Goa Chief Minister Digambar Kamat‘s days are probably numbered. As the state’s covert champion of illegal mining for 12 years – that’s how long he has held on to the mines portfolio – Firstpost’s expose on the Goa mining scam could cost him his job, thanks to the interest Sonia Gandhi is now taking in the matter.
Firstpost broke the story on Goa’s illegal mining scandals on 5 September, and the Hindustan Times and various TV channels followed up the story over the last few days, setting the stage for a political intervention at the highest level.
On Wednesday, JS Brar, the person in charge of Goa in the All India Congress Committee (AICC), left for Goa to take stock of Kamat’s wrongdoing. He is expected to submit his report to Sonia Gandhi by Friday and the chances are that she will seek a change in the leadership. Given the time and effort the party has expended in making a villain out of the BJP in the Karnataka mining scandals that ultimately led to the ouster of BS Yeddyurappa and the arrest of Janardhana Reddy, Sonia may have no other choice.
Talking to Firstpost over the telephone, Brar said the AICC had received several complaints in regard to illegal mining against Kamat. “I am going to Goa to confirm the ground realities in the state.”
In our 5 September report, (Yeddy, Reddy, Kamat? Goa’s Rs 800 cr mining scam is next), Firstpost exposed how Kamat was in league with top mining companies in the state and how the miners were blatantly indulging in illegal mining under his watch.
Another Firstpost report (How Goa’s illegal ore miners are in league with CM Kamat) revealed how his ministers were running the mining business. A Firstpost reader complimented the publication for the gutsy piece and said we had “done more in this one article than the Goan media has managed in totality in the 50 years since decolonisation.”
However, Firstpost would have gotten nowhere without the evidence and support of the people who are fighting Goa’s illegal mining cartels from the frontlines.
In this story, we will highlight the names of some of the people who are fighting the miner-politicians of Goa in their backyards. If Brar wants to deliver true justice, he must meet them to get the right picture.
Our first fighter is Dr Claude Alvares, who runs a non-profit organisation called Goa Foundation and is leading the legal battle against illegal mining on several fronts. He is a ‘walking’ encyclopedia on illegal mining and has a databank which should have sent Kamat packing a long time ago. His databank categorically brings out the roles of top miners in the state, including Vedanta, Timlos, Dinar Tarcar and Salgaocars.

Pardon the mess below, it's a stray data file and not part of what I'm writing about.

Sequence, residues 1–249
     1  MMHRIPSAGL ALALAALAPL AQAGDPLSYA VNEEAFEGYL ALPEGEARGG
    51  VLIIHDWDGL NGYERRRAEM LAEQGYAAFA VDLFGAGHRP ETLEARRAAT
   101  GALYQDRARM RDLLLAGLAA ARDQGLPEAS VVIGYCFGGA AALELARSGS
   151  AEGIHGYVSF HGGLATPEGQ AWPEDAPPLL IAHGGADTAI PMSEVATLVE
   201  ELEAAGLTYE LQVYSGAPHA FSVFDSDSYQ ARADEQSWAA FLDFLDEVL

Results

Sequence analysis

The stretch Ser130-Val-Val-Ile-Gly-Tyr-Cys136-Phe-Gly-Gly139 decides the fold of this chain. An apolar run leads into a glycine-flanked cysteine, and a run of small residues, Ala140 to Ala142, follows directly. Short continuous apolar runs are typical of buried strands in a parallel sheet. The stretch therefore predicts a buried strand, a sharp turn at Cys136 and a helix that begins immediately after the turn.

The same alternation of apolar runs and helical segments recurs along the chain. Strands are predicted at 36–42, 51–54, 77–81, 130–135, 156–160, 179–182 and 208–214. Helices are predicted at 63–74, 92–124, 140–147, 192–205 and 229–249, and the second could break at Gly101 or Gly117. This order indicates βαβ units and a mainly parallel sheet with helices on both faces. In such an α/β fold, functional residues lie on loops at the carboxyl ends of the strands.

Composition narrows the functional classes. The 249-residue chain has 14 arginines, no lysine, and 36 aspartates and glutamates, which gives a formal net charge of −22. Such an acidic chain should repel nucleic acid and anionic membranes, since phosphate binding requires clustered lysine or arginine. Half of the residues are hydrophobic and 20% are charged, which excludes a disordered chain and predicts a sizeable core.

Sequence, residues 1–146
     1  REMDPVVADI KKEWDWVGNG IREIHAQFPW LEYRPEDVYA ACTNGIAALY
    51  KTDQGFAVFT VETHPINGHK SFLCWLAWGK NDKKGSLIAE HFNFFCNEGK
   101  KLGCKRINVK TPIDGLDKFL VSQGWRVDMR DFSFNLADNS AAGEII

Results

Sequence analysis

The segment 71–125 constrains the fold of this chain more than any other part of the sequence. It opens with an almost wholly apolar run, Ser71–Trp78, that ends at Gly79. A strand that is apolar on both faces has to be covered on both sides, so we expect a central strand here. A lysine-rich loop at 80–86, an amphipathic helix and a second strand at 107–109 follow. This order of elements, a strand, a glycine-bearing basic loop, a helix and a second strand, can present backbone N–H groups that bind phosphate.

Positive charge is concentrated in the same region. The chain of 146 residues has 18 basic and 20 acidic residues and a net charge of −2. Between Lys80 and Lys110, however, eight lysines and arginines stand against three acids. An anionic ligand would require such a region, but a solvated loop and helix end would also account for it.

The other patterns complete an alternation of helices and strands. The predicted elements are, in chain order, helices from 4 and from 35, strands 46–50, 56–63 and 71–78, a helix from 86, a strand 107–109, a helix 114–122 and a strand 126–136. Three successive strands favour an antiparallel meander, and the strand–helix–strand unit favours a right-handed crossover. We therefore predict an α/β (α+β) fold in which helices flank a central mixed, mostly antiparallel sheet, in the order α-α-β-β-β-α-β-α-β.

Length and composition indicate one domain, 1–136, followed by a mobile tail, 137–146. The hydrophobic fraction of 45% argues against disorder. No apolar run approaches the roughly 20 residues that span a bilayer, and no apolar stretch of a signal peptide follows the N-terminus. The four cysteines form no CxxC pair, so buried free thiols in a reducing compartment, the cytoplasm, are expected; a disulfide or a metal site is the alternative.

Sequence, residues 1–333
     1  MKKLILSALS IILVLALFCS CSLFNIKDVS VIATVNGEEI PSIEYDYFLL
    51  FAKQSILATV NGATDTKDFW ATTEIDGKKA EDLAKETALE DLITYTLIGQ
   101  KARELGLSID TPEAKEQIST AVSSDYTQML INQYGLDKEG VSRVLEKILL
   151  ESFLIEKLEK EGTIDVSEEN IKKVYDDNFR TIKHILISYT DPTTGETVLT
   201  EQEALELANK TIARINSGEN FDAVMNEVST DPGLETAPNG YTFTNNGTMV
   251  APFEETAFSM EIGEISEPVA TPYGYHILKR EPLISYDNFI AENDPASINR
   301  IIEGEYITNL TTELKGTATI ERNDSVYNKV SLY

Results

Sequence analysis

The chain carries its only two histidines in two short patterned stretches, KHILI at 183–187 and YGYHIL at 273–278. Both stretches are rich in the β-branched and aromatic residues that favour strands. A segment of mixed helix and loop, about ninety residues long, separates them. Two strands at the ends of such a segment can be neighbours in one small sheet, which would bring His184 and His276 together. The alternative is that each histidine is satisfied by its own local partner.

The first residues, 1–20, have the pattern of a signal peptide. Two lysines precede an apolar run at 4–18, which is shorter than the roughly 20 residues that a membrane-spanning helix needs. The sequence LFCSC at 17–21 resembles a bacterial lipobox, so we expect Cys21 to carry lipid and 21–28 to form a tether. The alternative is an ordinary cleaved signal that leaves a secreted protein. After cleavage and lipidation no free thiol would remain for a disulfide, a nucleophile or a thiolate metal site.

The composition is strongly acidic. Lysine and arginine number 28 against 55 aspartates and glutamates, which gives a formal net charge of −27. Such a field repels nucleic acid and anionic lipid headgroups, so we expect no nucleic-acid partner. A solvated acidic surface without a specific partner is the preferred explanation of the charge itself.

Alvares is still a well-known name in Goa. But there are many unknown fighters who are battling the moneypower of the mining lobbies. Here are some of them.
Rama Velip, a tribal from village Colome in south Goa, had caught the manager of Kamat’s minister Joaquim Alemao for carrying illegal mining activities in his village. His small village, which is about 6 sq km in area, has 23 mining leases and three of them are still active. He is fighting a legal battle against the odds, and the miners working in this village have slapped criminal cases against him and 20 other villagers for allegedly trespassing on their property.
Another crusader is Ramesh Gauus, a techer in the morning, a bishop to his flock, and a fighter against illegal mining in his spare time. Gauus, 59, lives in North Goa. After his school hours, he moves with a camera to capture every violation of the law by illegal miners. His house is a repository of RTI replies on mining. He doesn’t run any NGO. He doesn’t represent any environmental group. He is a one-man army unleashing himself against the miners (Click here for Gauus’ story).
Abhijit Prabhudesai, 44, is an engineer who was part of the team that planned and executed the Dubai international airport. In 2002, he chucked up his job and returned to his native Goa to spend the rest of his life exploring nature. He found himself fighting the miners instead.
Slideshow of all our images from the Goa mining scam
Adopting a village called Caurem in south Goa, Prabhudesai found himself fighting the illegal miners when they drilled a hole through a hill that supplied water to the village through natural springs. The villagers were up in arms. Prabhudesai galvanised them to gherao the officer concerned and didn’t leave his office till he issued orders to stop the drilling (Click here for his story).
Cheryl D’Souza, a 43-year-old widow in Village Maina in south Goa, cremated her husband on her own land in order to deter the illegal miners from taking it over (Click here for full story).
It is from such courageous fighters that Brar needs to get his story of Goa’s illegal mining scandals.